Aquilegia formosa (red columbine) at Anne Hicks Conservation Area (Photo by NCC)

Aquilegia formosa (red columbine) at Anne Hicks Conservation Area (Photo by NCC)

Anne Hicks Conservation Area

Anne Hicks Conservation Area (Photo by NCC)

Anne Hicks Conservation Area (Photo by NCC)

Lush greenery paints the banks of Swift Creek, rustling alongside the rippling waters that carry sockeye and Chinook salmon toward the Fraser River. Once home to an adventurous homesteading family of six, this idyllic setting is now conserved in their name as the Anne Hicks Conservation Area.

Just west of the BC-Alberta border and Jasper National Park, near the small town of Valemount, the Anne Hicks Conservation Area encompasses a 29-acre (12-hectare) area of mature Douglas-fir forest as well as established stands of spruce and black cottonwood. Native grasses and forbs create a rich understory in this vibrant riverside ecosystem, which provides habitat for small mammals and migratory as well as resident birds.

The Anne Hicks Conservation Area marks the first of the Nature Conservancy of Canada’s (NCC’s) projects in the Valemount area.

Conservation values

Anne Hicks Conservation Area

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Located within the McLellan River watershed, the primary ecological feature of the Anne Hicks Conservation Area is its proximity to Swift Creek and the forests that support it. The forests that line the creek are essential to its health; shade from the trees helps to regulate water temperatures for fish. The tree roots provide stability to the riverbanks, as well as micro-habitats for spawning fish.

Recent development proposals near Valemount highlighted the need for conservation action in this area. The threat of development and deforestation would put at risk the vitality of Swift Creek and the healthy populations of sockeye and Chinook salmon, as well as the nationally endangered bull trout that swim in its waters.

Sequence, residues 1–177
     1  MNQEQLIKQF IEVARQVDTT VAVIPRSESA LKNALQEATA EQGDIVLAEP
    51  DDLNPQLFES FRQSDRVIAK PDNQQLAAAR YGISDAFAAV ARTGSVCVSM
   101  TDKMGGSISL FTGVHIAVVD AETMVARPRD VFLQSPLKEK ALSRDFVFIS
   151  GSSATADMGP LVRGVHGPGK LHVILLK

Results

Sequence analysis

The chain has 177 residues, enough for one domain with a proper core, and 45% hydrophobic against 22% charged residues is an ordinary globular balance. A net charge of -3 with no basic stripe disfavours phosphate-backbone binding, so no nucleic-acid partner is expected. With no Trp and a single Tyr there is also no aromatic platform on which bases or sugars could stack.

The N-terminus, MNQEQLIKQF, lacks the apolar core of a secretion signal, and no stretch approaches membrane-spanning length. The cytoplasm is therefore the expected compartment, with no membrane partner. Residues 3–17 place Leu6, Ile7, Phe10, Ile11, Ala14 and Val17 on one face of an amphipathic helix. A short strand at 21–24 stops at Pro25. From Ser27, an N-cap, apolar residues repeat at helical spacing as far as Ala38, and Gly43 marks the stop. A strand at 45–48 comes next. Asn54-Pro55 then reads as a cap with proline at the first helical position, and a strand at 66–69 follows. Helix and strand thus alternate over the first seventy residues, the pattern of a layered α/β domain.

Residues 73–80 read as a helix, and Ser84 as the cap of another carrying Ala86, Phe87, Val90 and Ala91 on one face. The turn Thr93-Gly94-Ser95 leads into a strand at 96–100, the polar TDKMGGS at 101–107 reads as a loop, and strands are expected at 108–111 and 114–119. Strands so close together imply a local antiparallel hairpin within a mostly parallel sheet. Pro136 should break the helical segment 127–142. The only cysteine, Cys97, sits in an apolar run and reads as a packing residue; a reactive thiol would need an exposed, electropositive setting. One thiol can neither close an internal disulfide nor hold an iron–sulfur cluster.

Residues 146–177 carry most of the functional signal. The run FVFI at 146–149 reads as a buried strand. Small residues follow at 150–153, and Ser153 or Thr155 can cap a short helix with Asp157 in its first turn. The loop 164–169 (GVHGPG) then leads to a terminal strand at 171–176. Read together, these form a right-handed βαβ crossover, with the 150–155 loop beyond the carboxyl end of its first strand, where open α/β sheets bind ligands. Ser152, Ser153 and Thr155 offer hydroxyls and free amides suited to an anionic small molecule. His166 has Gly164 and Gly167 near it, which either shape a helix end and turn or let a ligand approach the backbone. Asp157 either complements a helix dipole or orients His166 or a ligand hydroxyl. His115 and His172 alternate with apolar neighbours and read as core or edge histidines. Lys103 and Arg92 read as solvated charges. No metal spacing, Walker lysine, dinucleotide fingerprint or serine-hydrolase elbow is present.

A conservation legacy

Anne Hicks (nee Adolphe) was born in Beausejour, Manitoba, in 1917. She met George Hicks through the advertisements in the Star Weekly newspaper in Winnipeg and corresponded with him for two years before embarking west to the property near Valemount, BC. There, Anne and George became homesteaders and raised their four children — two girls, two boys — in a log cabin of their own making.

“I think there were like 10 people here when they arrived,” says Roger Hicks, one of Anne and George’s four children. “It was all brand new here back then — no roads, no railroads.”

The remote wilderness of the area didn’t dissuade the couple from starting a life; far from it. Explaining George’s decision to move from Ontario to the wild expanse of east-central BC, Roger says: “He fell in love with the mountains, and he stayed.”

That love for and dedication to making a life in nature was passed along to the children as they learned to fish, mountain-climb and work in the garden to grow food that would last through the winter.

Anne Hicks with her children, Roger, Trudy and George (Buddy), 1949 (Photo courtesy Hicks family)

Anne Hicks with her children, Roger, Trudy and George (Buddy), 1949 (Photo courtesy Hicks family)

“We were the original hillbillies,” Roger laughs. “We didn’t have shoes in the summertime.”

Anne Hicks lived on the property until 1972. From there, the land was passed on to the children, until one son (also named George) approached the Nature Conservancy of Canada to conserve the land for future generations by bequeathing it to the organization.

“We always thought about it,” Roger says. “It was always what my brother George wanted to do. His only child died and he wanted to make sure the land got left to conservation. Mother too was like that.”

“My mother would be honoured to have a conservation area named after her. She might not believe it. She worked so hard up here, you know,” Roger continues. “For all those years. My father had a park up here named after him so we thought it would be good to name something after my mother, who worked as hard, or harder.”

The Valemount region is now home to both George Hicks Regional Park and Anne Hicks Conservation Area.

Partners in conservation

The conservation of the Anne Hicks Conservation Area was made possible by a generous donation from the Hicks family, who left the property to NCC through the will of George Russell Hicks. Learn more about what you can do to leave a natural legacy.

Funding support for the long-term stewardship of the new conservation area has been provided by the Fish & Wildlife Compensation Program (FWCP). The FWCP is a partnership between BC Hydro, the Province of BC, Fisheries and Oceans Canada, First Nations and public stakeholders to conserve and enhance fish and wildlife impacted by BC Hydro dams. 

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